At the end of the 2014–2016 West-Africa Ebola epidemic , a 25-year old woman, reportedly seven months pregnant, tested positive for Ebola virus disease in Forécariah province, Guinea. She was a follow-up household contact of a known Ebola patient who had died of the disease. At that moment, protective vaccination of Ebola-positive patient contacts with a potentially highly effective live vaccine was available ; however, because the woman was pregnant she had not been eligible for vaccination. Pregnancy was an exclusion criterion for vaccination during and after the vaccination trial, despite 90% mortality of pregnant women in previous Ebola Zaire strain epidemics according to available data [3, 4]. The patient also had a very high Ebola viral load, which further increased her mortality risk. The pregnant woman was admitted to an Ebola Treatment Center (ETC) managed by Médecins Sans Frontières (MSF).
At the time of the patient’s admittance to the ETC, a randomized clinical trial of the experimental ZMapp (Mapp Biopharmaceuticals) was ongoing in Guinea and in several other countries . Pregnant women were eligible for inclusion in this trial in which patients were randomly allocated to either receiving only standard supportive care or to receiving the experimental ZMapp in addition to standard supportive care. MSF was not involved in the ZMapp trial. In all Ebola therapeutic trials where MSF was involved, patients received the potentially active drug and comparison was done with historical controls. This is linked to the organization’s belief that every patient infected by a disease with a mortality as high as Ebola should have access to potentially active therapeutics. MSF tried to obtain ZMapp for the pregnant patient outside of the randomized clinical trial because MSF thought that it was unethical to permit a 50% chance of denying this patient from receiving potentially life-saving treatment considering her extremely high chance of dying. Additionally, in the case of this patient, randomization for the purposes of the trial was irrelevant: finding similar patients with corresponding characteristics (pregnancy history, viral load, et cetera) given the epidemiologic situation at that time was very unlikely, so she would have been a complete outlier in the trial. Moreover, she was among the last cases of the epidemic.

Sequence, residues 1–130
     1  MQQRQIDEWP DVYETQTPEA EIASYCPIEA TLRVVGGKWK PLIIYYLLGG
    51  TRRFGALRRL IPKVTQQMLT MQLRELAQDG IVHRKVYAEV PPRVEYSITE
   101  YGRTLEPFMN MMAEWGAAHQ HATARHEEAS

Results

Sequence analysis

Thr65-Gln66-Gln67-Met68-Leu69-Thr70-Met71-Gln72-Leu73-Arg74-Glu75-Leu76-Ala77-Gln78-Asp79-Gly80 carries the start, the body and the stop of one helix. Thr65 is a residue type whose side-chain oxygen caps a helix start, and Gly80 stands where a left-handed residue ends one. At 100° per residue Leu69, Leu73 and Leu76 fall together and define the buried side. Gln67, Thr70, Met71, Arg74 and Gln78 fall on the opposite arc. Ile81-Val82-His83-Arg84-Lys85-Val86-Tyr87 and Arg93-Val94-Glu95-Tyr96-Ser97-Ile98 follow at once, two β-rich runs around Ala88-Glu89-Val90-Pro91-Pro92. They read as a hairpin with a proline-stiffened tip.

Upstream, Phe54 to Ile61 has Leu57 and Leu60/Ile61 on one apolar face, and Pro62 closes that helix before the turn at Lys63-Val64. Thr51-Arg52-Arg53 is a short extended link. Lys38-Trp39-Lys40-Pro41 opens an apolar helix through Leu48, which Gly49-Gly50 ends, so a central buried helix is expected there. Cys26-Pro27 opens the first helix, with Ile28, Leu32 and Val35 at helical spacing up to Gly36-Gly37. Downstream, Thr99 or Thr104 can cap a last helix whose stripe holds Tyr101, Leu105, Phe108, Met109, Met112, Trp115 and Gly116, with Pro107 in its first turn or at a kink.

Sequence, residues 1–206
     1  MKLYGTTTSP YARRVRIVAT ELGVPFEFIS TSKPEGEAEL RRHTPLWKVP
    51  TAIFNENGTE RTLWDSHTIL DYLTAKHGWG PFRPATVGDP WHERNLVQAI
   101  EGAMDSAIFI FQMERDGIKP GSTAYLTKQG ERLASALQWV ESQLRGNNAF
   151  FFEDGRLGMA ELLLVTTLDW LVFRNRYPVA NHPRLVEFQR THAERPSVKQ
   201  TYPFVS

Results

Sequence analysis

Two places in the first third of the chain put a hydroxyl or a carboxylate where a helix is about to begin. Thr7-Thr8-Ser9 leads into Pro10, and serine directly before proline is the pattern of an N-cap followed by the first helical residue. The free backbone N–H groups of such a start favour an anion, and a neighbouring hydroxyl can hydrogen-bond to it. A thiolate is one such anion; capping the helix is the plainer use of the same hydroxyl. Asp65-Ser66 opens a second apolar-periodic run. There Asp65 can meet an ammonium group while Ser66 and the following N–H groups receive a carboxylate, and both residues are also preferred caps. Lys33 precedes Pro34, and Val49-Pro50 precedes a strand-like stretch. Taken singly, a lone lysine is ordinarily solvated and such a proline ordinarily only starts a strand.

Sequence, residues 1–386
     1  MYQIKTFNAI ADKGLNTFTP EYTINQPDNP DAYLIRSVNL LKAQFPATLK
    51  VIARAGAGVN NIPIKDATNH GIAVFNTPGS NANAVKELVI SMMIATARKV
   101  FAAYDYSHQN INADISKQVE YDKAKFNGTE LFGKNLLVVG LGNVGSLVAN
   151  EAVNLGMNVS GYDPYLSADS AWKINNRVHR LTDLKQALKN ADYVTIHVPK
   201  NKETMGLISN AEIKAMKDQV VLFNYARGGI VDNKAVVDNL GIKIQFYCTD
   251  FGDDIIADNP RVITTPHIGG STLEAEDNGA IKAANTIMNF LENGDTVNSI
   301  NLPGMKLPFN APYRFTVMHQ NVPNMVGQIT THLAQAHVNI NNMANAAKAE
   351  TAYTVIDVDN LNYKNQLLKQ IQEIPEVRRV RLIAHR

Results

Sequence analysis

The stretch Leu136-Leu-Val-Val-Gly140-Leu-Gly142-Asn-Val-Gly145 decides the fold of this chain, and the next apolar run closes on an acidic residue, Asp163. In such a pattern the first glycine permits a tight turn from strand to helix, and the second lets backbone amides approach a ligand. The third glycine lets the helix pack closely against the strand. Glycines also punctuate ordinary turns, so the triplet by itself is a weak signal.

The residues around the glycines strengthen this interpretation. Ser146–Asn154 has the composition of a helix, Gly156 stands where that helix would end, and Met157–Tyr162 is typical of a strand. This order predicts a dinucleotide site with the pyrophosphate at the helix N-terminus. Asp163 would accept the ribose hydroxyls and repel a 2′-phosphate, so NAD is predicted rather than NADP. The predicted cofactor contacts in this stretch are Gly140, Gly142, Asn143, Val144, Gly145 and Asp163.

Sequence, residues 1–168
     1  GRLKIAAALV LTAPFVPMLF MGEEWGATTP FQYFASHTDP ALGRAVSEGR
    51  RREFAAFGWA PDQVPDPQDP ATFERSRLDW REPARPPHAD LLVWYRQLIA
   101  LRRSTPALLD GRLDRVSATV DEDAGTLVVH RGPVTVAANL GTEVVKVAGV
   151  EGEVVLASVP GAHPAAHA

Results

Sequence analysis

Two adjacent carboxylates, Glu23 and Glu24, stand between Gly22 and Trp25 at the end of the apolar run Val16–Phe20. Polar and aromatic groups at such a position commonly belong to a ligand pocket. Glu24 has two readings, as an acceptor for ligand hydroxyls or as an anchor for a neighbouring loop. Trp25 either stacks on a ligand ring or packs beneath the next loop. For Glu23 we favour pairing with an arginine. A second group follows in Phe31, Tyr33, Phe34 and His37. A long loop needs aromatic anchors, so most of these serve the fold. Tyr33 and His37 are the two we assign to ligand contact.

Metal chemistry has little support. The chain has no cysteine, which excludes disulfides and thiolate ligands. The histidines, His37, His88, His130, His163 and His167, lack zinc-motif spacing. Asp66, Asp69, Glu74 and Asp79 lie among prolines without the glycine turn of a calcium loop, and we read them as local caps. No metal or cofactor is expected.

ZMapp outside clinical trial was refused. The decision was then made to administer favipiravir, an experimental antiviral that had shown limited success in previous small human studies. In agreement with the company (Toyama Chemical of Japan), use of favipiravir in pregnant Ebola-positive patients was permitted under ‘Monitored Emergency Use of Unregistered and Experimental Interventions’ (MEURI), a concept developed by a WHO convened ethics panel in October 2014) . Four days after admission, the patient went into spontaneous labor and delivered a baby girl of 2800 g, Nubia (permission of the father to use the infant’s name). The patient deteriorated after delivery and died seven hours later of postpartum hemorrhage (PPH) and disseminated intravascular coagulation as a consequence of Ebola, despite receiving oxytocin and misoprostol as treatment for PPH. Nubia also tested positive for Ebola. For the infant, MSF obtained ZMapp outside of the clinical trial without difficulty; Nubia received the first dose the day after her birth. In all, she received four doses of ZMapp, GS5734 (an experimental broad-spectrum antiviral), and white blood cells (buffy coat) of an Ebola survivor; all medications were accessed under MEURI. Nubia recovered and survived .